“When Lebanese are designing new F&B concepts, they are thinking of concepts that would work well outside; hence you see more QSRs opening in Lebanon with the aim of moving abroad,” says Saba, adding that Lebanese operators are speaking of expansion to Europe and the United States, following the successes of Semsom and Classic Burger there, when before they had never dreamed of expanding beyond the Gulf.
Fakhreddine says plans for taking February 30, the company’s first bar in Hamra, and Seven Sisters to the region are in the pipeline. “We are going abroad for two main reasons: first of all, because of the international exposure you get when you move to a city like Dubai and second of all, stability. No one has the vibe Beirut has in terms of nightlife but the political and security situations force you to take a step out of the country to maintain a certain level of stability and to grow our talents,” laments Fakhreddine.
Addmind’s Habre, who has four successful outlets in the United Arab Emirates, supports such expansions but tells his colleagues in the industry to be well prepared. “Dubai looks easy for them [in comparison to the difficulties of operating in Lebanon] but what I say from the bottom of my heart is just be careful; it’s not at all an easy country to operate in and we have a lot of examples of bad luck in this industry.”
Summer 2015 was not a good one for the hospitality outlets in Downtown with Habre reporting a 50 percent loss of business in Iris, their bar on the rooftop of the Annahar building, during the periods of closure and protests in the area.
Rizk says that Uruguay Street, downtown Beirut, had not been performing well from mid-2015 due to chaotic growth of the street and also because other nightlife areas were increasing in popularity and competing with it. While many years have passed since Downtown was really a hub of activity, he continues that the events of the summer – from governmental closures to street protests – hurt the area further.
When the landlord of the Fenicia Bank building which housed Gatsby bar wouldn’t give the tenants payment facilities in light of the difficult situation in the area, Rizk was forced to relocate due to no longer being able to afford the double-digit monthly rent with no footfall in Downtown.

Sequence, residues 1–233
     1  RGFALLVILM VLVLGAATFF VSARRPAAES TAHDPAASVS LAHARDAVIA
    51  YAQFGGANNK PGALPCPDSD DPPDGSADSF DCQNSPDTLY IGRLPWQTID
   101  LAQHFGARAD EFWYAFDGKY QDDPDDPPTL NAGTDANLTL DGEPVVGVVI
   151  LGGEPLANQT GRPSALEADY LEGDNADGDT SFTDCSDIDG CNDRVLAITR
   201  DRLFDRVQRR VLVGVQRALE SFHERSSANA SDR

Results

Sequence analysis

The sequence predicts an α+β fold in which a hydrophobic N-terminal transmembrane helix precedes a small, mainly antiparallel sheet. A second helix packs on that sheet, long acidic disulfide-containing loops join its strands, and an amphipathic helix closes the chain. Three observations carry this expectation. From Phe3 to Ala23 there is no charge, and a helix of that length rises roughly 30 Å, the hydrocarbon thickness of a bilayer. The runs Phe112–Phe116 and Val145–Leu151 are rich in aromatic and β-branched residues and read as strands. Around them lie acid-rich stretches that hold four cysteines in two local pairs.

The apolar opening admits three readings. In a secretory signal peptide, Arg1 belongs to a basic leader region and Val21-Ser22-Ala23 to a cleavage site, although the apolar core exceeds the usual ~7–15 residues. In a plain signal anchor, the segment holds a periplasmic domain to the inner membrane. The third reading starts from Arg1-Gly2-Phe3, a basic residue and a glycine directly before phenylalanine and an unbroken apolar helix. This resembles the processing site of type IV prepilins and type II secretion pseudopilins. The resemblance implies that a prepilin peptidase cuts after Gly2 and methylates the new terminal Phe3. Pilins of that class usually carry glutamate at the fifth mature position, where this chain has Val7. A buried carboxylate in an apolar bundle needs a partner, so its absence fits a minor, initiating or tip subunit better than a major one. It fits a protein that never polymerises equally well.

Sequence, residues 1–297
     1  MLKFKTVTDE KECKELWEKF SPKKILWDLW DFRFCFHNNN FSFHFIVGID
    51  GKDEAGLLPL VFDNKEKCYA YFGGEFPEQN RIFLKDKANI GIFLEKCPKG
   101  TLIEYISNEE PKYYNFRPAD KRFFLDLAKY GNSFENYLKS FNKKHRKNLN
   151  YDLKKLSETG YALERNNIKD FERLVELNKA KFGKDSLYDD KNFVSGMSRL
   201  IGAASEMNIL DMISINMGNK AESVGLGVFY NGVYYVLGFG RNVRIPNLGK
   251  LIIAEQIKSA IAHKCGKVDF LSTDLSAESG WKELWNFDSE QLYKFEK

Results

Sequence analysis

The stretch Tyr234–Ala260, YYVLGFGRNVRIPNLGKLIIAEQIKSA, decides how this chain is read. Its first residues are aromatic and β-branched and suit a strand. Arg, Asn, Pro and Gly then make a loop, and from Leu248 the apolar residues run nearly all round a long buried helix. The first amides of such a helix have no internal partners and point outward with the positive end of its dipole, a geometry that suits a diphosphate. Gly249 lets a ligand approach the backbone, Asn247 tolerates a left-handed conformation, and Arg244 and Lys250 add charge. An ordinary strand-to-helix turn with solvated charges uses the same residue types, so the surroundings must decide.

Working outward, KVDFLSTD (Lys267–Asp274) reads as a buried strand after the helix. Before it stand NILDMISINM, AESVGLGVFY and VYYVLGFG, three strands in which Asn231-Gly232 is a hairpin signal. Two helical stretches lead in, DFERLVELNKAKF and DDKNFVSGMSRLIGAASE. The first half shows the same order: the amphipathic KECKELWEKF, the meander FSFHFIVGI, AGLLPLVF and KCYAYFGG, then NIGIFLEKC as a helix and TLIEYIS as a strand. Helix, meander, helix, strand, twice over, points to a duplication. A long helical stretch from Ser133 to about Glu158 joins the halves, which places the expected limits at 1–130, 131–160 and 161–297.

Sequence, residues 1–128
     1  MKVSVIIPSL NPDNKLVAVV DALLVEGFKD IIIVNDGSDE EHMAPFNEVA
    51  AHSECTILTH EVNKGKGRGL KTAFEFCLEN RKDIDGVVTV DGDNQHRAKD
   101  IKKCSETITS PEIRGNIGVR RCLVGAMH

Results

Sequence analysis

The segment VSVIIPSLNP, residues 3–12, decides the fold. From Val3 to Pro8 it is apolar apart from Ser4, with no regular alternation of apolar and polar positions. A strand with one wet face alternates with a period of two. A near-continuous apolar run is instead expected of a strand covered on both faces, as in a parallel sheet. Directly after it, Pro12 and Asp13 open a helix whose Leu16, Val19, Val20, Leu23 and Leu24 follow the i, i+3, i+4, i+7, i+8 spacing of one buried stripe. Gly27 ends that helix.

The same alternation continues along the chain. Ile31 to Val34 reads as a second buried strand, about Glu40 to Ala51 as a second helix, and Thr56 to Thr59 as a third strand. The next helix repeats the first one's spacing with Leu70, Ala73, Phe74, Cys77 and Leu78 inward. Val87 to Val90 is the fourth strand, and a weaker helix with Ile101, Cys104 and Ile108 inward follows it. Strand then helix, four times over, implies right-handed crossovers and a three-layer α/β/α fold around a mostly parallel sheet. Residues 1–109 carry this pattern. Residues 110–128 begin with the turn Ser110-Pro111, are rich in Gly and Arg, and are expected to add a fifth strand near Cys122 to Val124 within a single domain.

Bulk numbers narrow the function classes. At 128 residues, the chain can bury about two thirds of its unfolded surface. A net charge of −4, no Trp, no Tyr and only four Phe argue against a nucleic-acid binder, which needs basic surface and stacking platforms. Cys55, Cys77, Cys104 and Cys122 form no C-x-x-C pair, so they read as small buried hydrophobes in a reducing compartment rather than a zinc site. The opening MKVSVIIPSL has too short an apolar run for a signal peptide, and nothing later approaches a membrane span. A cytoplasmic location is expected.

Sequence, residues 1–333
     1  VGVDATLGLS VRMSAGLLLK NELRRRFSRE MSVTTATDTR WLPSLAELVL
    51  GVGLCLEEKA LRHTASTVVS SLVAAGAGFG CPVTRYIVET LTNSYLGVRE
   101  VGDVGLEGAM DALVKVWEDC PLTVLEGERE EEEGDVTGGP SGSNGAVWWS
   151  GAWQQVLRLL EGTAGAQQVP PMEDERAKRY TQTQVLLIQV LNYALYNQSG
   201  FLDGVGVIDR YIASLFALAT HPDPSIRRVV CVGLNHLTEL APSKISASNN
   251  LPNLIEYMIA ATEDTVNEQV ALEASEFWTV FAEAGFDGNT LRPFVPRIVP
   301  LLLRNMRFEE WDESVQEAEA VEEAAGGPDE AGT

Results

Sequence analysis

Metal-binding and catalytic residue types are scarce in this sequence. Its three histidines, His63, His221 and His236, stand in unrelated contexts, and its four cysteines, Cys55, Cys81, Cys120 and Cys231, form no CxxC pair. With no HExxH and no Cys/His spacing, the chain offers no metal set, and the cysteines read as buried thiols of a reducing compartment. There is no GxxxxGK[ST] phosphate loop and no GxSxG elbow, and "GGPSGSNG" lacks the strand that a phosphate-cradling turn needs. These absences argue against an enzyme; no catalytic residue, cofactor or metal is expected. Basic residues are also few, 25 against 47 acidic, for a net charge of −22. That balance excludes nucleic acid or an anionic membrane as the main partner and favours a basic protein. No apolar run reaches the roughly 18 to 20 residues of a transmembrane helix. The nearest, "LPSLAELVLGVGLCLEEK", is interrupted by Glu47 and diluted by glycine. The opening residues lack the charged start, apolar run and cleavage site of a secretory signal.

Escaping the city
Their negative experiences in relation to security issues in Beirut coupled with the increasingly high rental fees in the city have encouraged F&B operators to invest in areas outside of Beirut.
“We are expanding regionally, which is economically much healthier than having even the F&B offerings clustered in Beirut and Downtown. You have many benefits when that happens, including creating job opportunities in the area, increasing the value of land and incurring further developments around such projects. Today people have the choice; if they want they can come to Beirut and if not they can go somewhere in their regional neighborhood,” says Sami Hochar, CEO of The Village Dbayeh, speaking of their project’s location in Dbayeh.
Rizk sees that Dbayeh will be the new “Downtown” for the Metn area, attracting people from the immediate vicinities and from Keserwan as well. “Dbayeh is a new market and does not have the security problems of downtown Beirut. It’s a big area with a big demographic and even when new places open there, which they will, it will be a healthy competition and those with the best concepts will prevail,” he says.
Whether expanding locally or abroad, and whether developing snack concepts or little bars, Lebanese F&B operators have learned to dance to a different tune and continue to waltz through it all.